Someone once said that you couldn't be in two places at the same time. Those who 'go plural' might disagree. This is the term employed by senior executives in the public, private and voluntary sectors who hold down multiple board-level positions.
It is thought to have been coined by Sir Allan Leighton, variously chairman of Royal Mail, Bhs and Race for Opportunity, a non-executive director of BSkyB and deputy chairman of Selfridges. It can also be interchanged with the other term beloved of multi-tasking bosses, known as having a 'portfolio career'.
The theory goes that you build up for yourself an interesting array of different job roles and are able to bring a broader range of experience to the boardroom table than more focused executives. Sceptics, however, say that it's just an excuse to get paid ludicrous amounts of money for showing your face at a company for a slap-up boardroom meal once a month, while spending the rest of your time jetting off around the world on holiday. And it's funny how the same names crop up at similar organisations, even in the voluntary sector, leading you to wonder how much value these 'pluralites' can add. Is it just a matter of them repeating the same advice ad infinitum?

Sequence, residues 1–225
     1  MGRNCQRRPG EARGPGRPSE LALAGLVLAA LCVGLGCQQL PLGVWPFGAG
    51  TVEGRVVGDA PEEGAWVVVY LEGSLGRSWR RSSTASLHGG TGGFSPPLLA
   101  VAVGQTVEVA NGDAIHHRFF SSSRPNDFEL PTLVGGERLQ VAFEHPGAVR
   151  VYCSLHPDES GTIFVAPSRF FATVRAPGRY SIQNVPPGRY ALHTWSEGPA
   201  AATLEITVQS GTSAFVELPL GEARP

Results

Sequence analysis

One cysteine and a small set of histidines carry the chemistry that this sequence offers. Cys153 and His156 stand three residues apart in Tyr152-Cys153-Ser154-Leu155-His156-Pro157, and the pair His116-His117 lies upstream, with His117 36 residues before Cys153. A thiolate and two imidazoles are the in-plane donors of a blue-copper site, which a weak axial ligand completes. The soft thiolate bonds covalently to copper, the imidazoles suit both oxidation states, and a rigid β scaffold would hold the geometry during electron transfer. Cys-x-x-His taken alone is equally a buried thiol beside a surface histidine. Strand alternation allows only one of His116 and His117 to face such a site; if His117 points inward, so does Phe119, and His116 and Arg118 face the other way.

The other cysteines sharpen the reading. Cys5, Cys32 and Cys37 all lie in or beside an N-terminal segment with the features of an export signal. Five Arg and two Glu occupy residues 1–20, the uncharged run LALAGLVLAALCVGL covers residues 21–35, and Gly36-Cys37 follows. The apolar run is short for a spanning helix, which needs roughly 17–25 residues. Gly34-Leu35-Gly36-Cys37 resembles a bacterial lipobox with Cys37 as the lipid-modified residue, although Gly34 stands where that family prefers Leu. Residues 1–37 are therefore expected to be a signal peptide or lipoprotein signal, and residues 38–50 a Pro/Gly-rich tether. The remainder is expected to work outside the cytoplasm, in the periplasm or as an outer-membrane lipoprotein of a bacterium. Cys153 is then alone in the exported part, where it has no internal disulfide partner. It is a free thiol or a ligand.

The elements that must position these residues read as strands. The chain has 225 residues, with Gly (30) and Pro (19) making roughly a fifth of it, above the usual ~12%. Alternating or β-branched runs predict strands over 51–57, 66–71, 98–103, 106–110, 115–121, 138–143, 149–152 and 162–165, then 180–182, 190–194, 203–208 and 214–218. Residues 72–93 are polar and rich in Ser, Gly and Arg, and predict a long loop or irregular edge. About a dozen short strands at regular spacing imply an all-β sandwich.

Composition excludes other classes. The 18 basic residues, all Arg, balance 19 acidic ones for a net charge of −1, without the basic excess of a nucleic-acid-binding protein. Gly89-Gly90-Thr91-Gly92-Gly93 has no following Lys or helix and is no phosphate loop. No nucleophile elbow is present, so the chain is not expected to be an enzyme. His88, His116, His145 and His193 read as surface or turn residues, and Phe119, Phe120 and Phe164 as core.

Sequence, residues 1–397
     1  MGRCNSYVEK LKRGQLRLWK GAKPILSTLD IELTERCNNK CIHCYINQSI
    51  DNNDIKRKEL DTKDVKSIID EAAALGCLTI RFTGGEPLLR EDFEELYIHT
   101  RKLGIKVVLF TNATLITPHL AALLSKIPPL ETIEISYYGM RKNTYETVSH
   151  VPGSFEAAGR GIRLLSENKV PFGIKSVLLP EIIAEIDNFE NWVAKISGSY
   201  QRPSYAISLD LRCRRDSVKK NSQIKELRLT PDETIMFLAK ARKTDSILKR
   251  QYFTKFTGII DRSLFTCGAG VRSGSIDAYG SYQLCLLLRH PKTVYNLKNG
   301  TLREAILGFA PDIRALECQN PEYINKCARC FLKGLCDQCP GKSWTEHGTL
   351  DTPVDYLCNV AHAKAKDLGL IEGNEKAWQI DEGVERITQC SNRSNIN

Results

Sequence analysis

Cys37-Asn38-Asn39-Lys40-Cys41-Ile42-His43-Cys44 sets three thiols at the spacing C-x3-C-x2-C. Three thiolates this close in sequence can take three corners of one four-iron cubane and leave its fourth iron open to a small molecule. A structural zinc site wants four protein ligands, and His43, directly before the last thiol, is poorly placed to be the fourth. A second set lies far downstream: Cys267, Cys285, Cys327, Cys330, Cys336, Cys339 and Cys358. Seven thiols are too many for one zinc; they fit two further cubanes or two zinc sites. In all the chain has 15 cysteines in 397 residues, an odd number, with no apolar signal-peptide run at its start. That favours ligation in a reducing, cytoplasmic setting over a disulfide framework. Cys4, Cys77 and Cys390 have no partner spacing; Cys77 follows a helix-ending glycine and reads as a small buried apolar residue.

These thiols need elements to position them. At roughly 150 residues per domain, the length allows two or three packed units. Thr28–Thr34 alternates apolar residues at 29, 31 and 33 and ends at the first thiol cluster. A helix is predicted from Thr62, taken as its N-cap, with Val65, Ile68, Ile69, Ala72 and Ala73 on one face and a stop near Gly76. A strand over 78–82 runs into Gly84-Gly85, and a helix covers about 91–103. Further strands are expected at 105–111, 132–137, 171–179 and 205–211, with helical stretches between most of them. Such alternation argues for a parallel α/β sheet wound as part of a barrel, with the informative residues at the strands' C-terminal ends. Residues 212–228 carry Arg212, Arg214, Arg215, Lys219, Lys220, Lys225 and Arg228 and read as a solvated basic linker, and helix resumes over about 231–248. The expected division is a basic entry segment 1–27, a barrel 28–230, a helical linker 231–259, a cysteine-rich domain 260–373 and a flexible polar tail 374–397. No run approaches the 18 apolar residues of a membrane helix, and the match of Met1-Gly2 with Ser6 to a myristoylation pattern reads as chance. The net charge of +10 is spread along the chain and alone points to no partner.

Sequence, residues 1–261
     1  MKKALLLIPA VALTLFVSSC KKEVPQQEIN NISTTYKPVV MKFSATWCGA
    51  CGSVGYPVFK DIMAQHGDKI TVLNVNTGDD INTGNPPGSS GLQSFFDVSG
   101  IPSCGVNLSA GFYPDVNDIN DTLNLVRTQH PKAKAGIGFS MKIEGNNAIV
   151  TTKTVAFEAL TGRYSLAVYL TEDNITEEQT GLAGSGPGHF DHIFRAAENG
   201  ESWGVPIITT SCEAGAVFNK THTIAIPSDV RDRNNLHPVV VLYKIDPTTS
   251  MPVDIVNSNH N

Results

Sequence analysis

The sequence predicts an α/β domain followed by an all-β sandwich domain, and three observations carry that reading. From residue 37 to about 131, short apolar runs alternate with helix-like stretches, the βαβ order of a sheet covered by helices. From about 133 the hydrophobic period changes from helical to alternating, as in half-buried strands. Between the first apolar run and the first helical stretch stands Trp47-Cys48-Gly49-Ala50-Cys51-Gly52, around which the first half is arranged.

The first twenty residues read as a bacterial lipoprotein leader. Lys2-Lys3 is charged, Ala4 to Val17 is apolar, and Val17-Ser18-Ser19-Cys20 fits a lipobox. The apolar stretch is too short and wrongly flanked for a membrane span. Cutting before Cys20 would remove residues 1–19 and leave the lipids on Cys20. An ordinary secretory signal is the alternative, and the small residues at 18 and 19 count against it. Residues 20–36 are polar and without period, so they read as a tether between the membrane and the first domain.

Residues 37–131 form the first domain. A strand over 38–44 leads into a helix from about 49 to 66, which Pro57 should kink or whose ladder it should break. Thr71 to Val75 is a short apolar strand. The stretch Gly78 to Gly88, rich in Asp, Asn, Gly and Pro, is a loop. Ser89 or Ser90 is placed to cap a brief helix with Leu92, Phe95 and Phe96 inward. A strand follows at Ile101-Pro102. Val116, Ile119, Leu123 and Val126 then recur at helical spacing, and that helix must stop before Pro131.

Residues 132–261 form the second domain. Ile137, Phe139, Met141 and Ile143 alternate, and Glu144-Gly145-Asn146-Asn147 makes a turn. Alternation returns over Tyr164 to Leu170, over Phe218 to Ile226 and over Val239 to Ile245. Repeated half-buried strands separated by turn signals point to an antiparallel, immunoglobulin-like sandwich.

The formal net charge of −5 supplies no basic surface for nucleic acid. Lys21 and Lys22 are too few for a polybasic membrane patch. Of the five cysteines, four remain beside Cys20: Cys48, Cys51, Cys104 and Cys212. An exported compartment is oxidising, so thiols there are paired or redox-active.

Charles Handy, the much-respected management guru, wrote about 'portfolio careers' in his 1989 classic The Age of Unreason, concluding that "sooner or later, we shall all be portfolio people". It's an attractive lifestyle, for sure, popping in and out of flash boardrooms, dispensing a few words of wisdom, then enjoying lunch on the company. But it does beg the question: how valuable can these people actually be? What does it matter if they are an expert in making the postal system run like a dream (or a nightmare, as the case may be), when you're trying to persuade people to part with their cash for a rescued animal centre? And how can you truly understand a charity if your only knowledge of it comes from reading the annual report and a quick boardroom chat? But you have to admit, it's nice work if you can get it.
- Emma De Vita is a senior section editor on Management Today.